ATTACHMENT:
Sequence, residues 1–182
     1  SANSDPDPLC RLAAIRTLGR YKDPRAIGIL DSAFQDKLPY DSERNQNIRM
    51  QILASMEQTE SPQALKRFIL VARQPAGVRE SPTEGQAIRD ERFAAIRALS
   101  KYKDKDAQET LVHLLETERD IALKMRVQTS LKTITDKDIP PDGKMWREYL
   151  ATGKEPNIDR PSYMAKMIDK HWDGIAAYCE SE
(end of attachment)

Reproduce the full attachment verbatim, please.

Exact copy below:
Sequence, residues 1–182
     1  SANSDPDPLC RLAAIRTLGR YKDPRAIGIL DSAFQDKLPY DSERNQNIRM
    51  QILASMEQTE SPQALKRFIL VARQPAGVRE SPTEGQAIRD ERFAAIRALS
   101  KYKDKDAQET LVHLLETERD IALKMRVQTS LKTITDKDIP PDGKMWREYL
   151  ATGKEPNIDR PSYMAKMIDK HWDGIAAYCE SE